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It’s rare to find a news story that I want to share with my kids. But that’s the goal behind our digital team’s latest project — we want to create stories that you’ll want to read to your family at bedtime. This tale has everything: adventure, mysterious bones, courageous characters and a creepy cave. And, it’s all true!
Earlier this year we published a mildly controversial essay called “Skip the fairy tales, tell your daughter science bedtime stories instead.” Our parenting columnist, Wendy Thomas Russell, wrote that her husband, Charlie, has an unusual ritual that their daughter loves. At bedtime, instead of telling the more traditional tales about fairies and wizards and talking animals, he tells true stories about stars and planets, bugs and bats – the world’s oldest tree. He tells bedtime stories about science.
There’s something about the ritual of the bedtime story that’s hard to put into words. It’s a time of comfort, closeness, relative quiet – a special time with your kids, and a perfect time to get lost in a story. That may be why we feel an attachment to our favorite childhood bedtime stories decades later, as adults. And we loved the idea of creating stories that wouldn’t lull children to sleep so much as they’d prime their dreams with a sense of adventure.
We were inspired.
For the record, fairy tale lovers were not amused by the original essay. “How much creativity was imparted to history’s greatest geniuses by their exposure to tales of fantasy? It is irresponsible to suggest that you can make a Mythbuster without any myths.” wrote reader John Morke in the comments. It’s a fair point, and we’ve got nothing against imagination. But we’re journalists, and the majority of our days are spent living in the world of nonfiction. Mostly.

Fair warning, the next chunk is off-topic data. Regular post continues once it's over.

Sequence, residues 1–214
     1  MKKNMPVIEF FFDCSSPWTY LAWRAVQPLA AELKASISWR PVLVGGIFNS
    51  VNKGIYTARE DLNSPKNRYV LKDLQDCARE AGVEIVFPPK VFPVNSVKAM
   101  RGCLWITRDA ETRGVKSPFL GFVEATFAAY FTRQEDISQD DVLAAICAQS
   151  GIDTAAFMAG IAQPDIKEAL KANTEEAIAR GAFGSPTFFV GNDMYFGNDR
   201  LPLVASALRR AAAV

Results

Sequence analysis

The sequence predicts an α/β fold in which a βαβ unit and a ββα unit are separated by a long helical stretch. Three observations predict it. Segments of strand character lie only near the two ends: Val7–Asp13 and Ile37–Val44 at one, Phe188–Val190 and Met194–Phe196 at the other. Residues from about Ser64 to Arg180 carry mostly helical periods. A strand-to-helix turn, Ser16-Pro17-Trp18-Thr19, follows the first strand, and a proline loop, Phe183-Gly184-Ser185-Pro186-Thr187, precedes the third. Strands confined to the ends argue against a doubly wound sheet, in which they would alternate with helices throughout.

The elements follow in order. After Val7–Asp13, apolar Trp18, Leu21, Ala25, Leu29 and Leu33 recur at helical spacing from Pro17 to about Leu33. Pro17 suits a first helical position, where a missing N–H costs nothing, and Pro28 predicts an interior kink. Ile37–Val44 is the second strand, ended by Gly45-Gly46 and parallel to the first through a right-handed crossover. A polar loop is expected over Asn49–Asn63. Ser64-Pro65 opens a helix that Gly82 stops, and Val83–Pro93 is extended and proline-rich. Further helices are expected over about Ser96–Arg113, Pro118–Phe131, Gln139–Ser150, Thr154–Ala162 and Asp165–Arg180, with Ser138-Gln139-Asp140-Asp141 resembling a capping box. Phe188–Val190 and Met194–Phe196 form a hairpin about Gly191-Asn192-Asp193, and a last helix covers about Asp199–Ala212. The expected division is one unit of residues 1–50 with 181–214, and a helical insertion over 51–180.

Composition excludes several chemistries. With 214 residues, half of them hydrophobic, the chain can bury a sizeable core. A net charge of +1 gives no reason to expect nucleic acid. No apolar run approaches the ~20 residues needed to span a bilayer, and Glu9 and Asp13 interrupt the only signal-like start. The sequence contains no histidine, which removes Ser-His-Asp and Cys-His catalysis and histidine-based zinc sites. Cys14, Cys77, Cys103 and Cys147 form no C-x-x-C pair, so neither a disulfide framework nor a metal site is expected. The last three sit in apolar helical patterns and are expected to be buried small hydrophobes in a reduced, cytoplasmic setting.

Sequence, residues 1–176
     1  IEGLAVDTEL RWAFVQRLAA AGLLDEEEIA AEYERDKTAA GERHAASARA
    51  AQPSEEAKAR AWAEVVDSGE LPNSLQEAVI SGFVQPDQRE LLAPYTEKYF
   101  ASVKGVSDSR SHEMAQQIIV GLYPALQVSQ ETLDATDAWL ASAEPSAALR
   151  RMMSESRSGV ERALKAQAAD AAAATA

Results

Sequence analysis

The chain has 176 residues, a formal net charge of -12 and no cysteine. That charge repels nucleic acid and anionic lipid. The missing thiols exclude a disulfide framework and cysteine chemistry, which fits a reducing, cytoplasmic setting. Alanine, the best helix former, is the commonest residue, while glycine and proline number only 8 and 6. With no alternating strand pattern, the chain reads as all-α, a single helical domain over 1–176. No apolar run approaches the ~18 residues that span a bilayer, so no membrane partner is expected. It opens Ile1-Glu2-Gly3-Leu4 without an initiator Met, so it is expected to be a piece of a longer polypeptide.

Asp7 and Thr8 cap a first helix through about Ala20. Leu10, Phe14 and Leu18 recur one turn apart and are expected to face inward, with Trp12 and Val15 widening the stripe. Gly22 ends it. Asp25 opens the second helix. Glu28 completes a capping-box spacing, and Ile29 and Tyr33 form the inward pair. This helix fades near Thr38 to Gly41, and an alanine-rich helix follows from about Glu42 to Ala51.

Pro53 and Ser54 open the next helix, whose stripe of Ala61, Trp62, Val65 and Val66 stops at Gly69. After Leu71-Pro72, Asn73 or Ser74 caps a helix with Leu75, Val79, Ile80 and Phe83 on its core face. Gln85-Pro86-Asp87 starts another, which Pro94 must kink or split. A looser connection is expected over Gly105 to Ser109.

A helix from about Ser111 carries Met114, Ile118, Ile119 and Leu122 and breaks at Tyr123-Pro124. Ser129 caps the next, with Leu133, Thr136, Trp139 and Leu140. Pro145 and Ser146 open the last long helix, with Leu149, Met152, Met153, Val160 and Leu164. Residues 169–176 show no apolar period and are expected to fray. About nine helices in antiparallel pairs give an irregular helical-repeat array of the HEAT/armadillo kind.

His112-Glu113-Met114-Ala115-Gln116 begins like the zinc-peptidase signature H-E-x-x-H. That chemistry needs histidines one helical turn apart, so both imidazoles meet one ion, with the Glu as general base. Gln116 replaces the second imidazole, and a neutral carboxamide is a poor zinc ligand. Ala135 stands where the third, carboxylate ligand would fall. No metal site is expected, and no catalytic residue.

We had a challenge. Could we report, write and create a series of true science stories parents would want to share with their kids at bedtime?
It’s time to find out. This is the beginning of a series where we’ll take important science news and present it in a format we hope kids and parents will enjoy. These stories are designed to work well on phones, tablets, or in print. We know you might want to keep technology out of the bedtime routine. I know I do.
Our first Science Bedtime Story is the tale of a team of daring scientists who braved a dangerous cave to uncover the bones of the Naledi – a likely ancestor of humans that was recently discovered in South Africa.
To create this story, we spent hours interviewing the scientists about the journey into the cave, the challenges of digging up the bones and the thrill of piecing those bones together.
There are far more questions about the Naledi than answers, and that’s ok. We hope those questions might spark your child’s imagination. Or maybe your own.
Also, leave us feedback in the comments on this post. We want to know how your kids react, and what we can do to improve our Science Bedtime Stories in the future.
Travis Daub is Director of Digital at PBS NewsHour.
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